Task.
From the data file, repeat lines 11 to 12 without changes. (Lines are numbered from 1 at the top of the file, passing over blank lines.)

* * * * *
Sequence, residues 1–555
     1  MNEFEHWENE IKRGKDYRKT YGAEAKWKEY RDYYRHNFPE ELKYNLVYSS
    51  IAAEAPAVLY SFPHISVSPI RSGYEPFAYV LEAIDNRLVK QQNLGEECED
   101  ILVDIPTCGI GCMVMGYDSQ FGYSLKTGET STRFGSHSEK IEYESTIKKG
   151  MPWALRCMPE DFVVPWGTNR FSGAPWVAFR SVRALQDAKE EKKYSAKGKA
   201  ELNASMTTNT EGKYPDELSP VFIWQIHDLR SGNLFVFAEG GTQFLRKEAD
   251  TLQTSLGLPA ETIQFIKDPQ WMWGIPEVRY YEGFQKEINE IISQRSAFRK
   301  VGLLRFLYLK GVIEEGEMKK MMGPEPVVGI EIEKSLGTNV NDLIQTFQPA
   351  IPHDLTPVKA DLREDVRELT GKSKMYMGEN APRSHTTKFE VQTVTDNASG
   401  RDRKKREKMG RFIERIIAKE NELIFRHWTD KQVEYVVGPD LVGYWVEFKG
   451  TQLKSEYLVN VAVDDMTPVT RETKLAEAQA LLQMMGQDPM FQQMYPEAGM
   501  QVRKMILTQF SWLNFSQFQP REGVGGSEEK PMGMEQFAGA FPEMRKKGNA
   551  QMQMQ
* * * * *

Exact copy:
   451  TQLKSEYLVN VAVDDMTPVT RETKLAEAQA LLQMMGQDPM FQQMYPEAGM
   501  QVRKMILTQF SWLNFSQFQP REGVGGSEEK PMGMEQFAGA FPEMRKKGNA